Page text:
Kilt

Kilt is a knee-length garment with pleats at the rear. It is believed that its originated from the traditional dress worn by men in the Scottish Higlhand of the 16th century. Since the 19th century kilt has been kind of a symbol for the Scottish or even whole Celtic culture. There is a tradition stating that “true Scotsman” wears nothing under his kilt. Kilt is a must for all those participating in Highland dancing and bagpiping.

Scottish tartan pattern or sett
Scottish tartan pattern or sett

Kilt is usually made of woollen cloth. Scottish kilt has a tartan pattern. There are many different tartan patterns or “setts.” Until the 19th century Victorian era patterns mainly differed from region to region. Then big merchants established new system according to their own needs. Nowadays there individual pattern belonging to certain clan, family, individual, region, county or even business firm. The setts are always arranged horizontally and vertically, never diagonally. There is an exception when a cloth with tartan pattern is used for ladies' skirts. Setts also differ according to their their size, the number of inches (or centimetres) in one full repeat.

Scottish kilt
Scottish kilt

The Scottish kilt is usually worn with several accessories. They are kilt hose (woollen socks), garter flashes and a “sporran” (in Gaelic purse). The kilt hose are worn turned down at knee. The sporran is a pouch which hangs around the waist from a chain or leather strap. This may be plain or embossed leather, or decorated with sealskin, fur or polished metal plating. Other accessories you may see on a person wearing kilt are a belt, a jacket, a kilt pin, “sgian dubh” (small knife) and Ghillie brogues (traditional shoes). There are people who also wear a traditional Ghillie shirt (Jacobean or Jacobite).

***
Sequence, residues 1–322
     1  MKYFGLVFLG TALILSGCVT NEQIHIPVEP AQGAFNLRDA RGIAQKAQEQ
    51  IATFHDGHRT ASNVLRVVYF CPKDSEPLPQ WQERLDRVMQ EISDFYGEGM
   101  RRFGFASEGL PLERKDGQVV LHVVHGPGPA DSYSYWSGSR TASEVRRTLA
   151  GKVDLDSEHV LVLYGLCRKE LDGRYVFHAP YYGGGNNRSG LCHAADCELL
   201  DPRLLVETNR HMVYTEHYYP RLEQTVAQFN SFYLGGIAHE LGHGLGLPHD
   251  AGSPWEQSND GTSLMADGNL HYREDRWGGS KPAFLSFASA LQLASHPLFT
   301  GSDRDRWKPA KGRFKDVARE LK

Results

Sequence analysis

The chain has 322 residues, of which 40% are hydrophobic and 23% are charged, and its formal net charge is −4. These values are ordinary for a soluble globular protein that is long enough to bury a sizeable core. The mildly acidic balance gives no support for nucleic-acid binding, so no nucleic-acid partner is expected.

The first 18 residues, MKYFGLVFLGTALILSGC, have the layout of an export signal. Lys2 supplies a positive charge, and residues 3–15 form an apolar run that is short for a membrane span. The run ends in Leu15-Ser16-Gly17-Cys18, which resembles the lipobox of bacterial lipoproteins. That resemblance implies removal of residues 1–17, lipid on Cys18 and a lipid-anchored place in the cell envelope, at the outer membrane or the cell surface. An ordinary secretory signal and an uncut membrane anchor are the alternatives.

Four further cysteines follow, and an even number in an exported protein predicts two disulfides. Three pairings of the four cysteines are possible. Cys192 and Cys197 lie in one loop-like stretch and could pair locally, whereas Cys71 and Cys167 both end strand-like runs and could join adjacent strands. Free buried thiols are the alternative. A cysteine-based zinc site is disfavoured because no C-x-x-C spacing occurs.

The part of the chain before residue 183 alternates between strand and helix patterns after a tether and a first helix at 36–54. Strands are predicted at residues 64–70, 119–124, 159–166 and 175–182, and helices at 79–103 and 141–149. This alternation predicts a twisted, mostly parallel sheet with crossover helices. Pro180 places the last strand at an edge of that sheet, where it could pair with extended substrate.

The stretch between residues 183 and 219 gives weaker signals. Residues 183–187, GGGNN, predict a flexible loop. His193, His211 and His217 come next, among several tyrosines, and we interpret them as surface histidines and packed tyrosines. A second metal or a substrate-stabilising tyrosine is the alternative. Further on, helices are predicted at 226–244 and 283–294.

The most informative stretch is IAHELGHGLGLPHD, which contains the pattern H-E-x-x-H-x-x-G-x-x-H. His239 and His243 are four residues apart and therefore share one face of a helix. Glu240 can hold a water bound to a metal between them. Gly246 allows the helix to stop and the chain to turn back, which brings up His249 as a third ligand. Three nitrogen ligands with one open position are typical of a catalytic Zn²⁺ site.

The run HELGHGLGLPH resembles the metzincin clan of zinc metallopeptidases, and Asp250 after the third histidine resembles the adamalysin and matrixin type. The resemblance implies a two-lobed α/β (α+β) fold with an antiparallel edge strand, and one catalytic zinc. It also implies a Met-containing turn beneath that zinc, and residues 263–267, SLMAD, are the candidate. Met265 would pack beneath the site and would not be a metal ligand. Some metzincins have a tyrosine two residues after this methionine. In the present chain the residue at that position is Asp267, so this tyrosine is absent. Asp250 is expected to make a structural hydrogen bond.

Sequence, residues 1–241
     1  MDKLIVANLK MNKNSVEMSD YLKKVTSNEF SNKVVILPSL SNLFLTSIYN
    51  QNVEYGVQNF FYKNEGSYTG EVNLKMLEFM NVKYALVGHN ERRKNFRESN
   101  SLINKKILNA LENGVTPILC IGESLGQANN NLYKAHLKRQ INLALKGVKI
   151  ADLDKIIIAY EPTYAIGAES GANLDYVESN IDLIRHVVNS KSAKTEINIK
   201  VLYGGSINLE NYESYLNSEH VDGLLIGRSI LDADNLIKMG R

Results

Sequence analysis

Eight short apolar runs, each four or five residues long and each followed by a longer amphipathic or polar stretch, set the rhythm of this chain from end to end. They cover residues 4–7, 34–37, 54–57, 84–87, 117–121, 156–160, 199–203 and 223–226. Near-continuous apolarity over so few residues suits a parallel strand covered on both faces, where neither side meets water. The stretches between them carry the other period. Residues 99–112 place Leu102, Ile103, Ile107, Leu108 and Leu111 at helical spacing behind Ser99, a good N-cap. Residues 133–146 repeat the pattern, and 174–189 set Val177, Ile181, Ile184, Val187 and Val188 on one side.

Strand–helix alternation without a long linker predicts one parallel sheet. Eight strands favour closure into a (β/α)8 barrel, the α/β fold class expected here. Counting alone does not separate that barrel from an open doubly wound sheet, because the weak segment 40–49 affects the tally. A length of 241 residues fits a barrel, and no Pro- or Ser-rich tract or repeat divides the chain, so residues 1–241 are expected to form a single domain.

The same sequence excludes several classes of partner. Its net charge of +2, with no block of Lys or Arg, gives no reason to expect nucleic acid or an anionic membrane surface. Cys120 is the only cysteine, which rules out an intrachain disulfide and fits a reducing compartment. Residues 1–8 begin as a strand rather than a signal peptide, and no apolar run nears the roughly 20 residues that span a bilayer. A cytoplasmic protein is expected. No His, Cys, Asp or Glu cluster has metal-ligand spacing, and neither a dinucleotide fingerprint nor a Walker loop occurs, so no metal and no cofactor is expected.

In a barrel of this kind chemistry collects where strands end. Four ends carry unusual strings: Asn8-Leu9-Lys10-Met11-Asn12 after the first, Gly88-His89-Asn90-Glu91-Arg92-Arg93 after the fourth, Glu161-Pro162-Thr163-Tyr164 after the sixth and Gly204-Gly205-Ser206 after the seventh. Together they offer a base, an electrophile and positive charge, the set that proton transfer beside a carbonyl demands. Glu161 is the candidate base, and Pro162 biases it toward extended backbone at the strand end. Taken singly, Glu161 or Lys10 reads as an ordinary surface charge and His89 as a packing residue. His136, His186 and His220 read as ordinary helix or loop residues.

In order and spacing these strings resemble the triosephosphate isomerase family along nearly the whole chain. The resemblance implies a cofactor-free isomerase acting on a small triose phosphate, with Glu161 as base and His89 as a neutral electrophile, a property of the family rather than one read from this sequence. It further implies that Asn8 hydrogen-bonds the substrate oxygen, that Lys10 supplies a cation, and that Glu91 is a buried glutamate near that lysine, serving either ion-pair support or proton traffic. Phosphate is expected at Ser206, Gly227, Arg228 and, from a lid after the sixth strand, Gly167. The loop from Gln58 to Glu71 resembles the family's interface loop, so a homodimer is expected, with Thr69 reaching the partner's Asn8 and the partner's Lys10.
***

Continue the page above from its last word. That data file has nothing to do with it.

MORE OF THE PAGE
Irish kilt is usually of solid colour. Irish tartan became symbol of Celtic identity at the beginning of 20th century when it was used by some Irish nationalists. In early historical documents a long Irish tunic called “Lein-croich” was often mistaken for kilt. Varieties of kilt also exist in Wales, Cornwall, northeast of England, the Isle of Man, Brittany, Normandy, Galicia, Portugal (regions of Minho and Tras-os-Montes). The most popular Welsh tartan is the St. David's tartan (in Welsh “brithwe Dewi Sant”).

It has to be said that the kilt is worn by for example Scouts, participants of the Highland Games, members of football or rugby fan group Tartan Army etc. It also is worn by some army units in the Great Britain, Australia, New Zeland, Canada and South Africa. Special kilts exist in the U.S. Marine Corps U.S. Coast Guard and the U.S. Air Force. Certain type of skirt in a way similar to kilt is often worn by girls as part of school uniform.